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Night Job indie film


Directed by J. Antonio Starring Jason Torres, John Torres, Robert Youngren, Bettina Skye, Lester Greene, Timothy J. Cox Indie Film Review by Phil Slatter

Night Job opens with a black and white glimpse of New York, accompanied with an impressive soft jazz score that makes you feel as though you’re watching a film noir from the 50’s. However, we soon discover that this is the Manhattan of today as we meet James (Jason Torres), a doorman in a plush apartment covering the night shift just a week into the role. He then serves as our eyes and ears as we follow him throughout the night whilst he encounters a wide spectrum of people who come and go in the apartment block’s lobby.

From residents to a taxi driver, a con man to bootlegging DVD salesman, old residents to young, tradesmen to a priest apparently performing an exorcism, James becomes in equal parts an observer, a supporting character and a leading man throughout a series of vignettes that come and go as frequently as the supporting cast. All the while he is trying to sort out his own love life and just in general stay awake, despite an aversion to coffee.

There isn’t too much of a centralised plot and subsequently it is to writer/director J. Antonio’s credit that he keeps the interest up throughout the film's running time. The minor stories are at times funny, sad, quirky, meaningful and insignificant and they come and go like rapid fire. Torres is excellent in the film's central role, portraying the appropriate amount of wide-eyed naivety alongside a necessary sense of likeability that engages the audience throughout. The performances of the supporting cast are somewhat mixed, but such is the shared screen time of the many cast members that it is never a significant problem.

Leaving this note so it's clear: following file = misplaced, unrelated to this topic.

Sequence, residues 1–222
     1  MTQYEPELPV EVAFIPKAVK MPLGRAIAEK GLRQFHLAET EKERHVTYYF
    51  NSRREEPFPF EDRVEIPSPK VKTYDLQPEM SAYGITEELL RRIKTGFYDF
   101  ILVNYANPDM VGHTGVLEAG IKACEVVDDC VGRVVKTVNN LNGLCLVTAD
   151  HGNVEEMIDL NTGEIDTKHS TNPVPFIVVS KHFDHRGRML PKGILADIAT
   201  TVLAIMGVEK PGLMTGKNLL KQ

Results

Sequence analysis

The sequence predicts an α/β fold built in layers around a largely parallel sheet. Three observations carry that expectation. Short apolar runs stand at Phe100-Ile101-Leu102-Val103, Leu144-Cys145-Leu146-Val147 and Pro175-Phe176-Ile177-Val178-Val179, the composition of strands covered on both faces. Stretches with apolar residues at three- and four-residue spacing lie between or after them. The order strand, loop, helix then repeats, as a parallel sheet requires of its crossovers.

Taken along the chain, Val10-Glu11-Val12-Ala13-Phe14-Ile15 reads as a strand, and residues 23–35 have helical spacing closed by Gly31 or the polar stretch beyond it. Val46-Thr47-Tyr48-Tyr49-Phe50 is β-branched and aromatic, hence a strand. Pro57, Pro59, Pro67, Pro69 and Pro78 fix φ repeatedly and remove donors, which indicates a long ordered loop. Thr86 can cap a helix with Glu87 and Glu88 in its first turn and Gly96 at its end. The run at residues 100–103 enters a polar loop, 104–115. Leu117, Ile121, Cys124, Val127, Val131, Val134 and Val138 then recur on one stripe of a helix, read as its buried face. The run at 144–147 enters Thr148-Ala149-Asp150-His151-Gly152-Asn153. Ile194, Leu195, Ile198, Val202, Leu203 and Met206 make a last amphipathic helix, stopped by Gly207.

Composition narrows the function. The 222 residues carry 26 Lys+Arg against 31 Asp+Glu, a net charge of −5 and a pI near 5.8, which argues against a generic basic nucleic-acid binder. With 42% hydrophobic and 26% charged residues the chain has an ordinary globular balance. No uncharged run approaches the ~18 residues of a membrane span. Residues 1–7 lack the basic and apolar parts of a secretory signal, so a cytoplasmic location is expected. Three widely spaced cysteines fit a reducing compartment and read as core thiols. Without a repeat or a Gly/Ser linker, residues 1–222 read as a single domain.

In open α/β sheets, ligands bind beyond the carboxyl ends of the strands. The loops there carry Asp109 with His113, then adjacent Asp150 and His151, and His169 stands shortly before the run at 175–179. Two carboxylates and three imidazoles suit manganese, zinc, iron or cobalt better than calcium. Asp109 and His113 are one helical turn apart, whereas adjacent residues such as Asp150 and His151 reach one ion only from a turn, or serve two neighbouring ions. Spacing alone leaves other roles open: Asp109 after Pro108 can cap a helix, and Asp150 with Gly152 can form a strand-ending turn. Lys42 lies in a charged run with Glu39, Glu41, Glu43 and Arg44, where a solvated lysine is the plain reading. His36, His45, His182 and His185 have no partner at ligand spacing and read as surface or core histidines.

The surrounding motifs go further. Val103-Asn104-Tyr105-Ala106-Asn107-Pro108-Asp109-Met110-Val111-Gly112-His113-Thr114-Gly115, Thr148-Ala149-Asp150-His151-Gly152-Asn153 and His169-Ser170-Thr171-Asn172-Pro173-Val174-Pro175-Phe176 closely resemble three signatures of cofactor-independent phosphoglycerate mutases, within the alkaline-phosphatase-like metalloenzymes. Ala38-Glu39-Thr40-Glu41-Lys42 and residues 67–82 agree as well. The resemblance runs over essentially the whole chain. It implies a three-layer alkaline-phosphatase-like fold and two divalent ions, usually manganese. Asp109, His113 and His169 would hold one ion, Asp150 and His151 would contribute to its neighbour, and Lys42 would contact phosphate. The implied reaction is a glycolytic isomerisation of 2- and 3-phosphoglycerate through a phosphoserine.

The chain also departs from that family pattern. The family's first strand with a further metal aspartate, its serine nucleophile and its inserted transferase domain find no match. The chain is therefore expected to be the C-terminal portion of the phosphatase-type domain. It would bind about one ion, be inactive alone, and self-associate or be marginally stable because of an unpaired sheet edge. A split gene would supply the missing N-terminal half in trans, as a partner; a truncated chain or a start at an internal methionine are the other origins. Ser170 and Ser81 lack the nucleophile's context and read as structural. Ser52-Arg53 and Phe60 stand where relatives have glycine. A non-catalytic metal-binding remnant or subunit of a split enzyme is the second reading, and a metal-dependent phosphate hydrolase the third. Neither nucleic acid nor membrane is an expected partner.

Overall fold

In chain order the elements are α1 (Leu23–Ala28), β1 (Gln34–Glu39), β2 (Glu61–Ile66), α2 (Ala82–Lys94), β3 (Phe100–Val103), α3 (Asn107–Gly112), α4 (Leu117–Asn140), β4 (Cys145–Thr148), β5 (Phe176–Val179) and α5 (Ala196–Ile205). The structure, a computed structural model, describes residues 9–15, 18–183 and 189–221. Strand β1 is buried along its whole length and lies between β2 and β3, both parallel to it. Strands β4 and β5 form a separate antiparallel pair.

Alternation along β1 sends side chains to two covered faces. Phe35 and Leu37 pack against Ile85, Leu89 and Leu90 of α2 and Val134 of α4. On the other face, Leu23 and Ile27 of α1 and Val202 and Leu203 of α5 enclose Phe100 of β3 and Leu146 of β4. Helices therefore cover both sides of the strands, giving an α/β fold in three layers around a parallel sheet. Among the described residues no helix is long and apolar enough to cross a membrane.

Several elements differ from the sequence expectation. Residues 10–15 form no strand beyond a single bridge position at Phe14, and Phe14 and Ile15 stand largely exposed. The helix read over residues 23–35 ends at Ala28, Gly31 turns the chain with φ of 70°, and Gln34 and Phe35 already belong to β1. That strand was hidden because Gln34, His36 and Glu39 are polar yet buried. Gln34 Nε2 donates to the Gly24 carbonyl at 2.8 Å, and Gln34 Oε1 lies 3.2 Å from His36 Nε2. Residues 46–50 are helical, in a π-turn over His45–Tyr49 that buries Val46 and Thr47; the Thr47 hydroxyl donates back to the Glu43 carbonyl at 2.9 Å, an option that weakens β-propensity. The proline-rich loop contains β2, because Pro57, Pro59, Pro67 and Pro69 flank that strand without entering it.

It makes for an interesting experimental film that evokes memories of past independent filmmakers, some of whom are referenced in the closing credits. Its predominant single location, black and white aesthetic and structural set-up are akin to that of Kevin Smith’s Clerks while the regular comings and goings are not too dissimilar to Quentin Tarantino’s Reservoir Dogs, even if the two films sit in very different genres. It’s not even a stretch to say Night Job shares some DNA with Taxi Driver as both films feature an individual observing New Yorkers and how they behave when the sun goes down.

This doesn’t delve into the deeper recesses of the human soul in the way that Scorsese’s masterpiece does as it is an altogether more light-hearted affair. Admittedly some of the humour doesn’t come across quite as well as it needs to and the dialogue (of which there is much) becomes occasionally stilted. Meanwhile an amusing, dream-sequence feels slightly out of kilter with the rest of the proceedings.

Yet as a whole it works well, taking a simple idea and a low budget but still managing to showcase an array of talent in front of and behind the camera.


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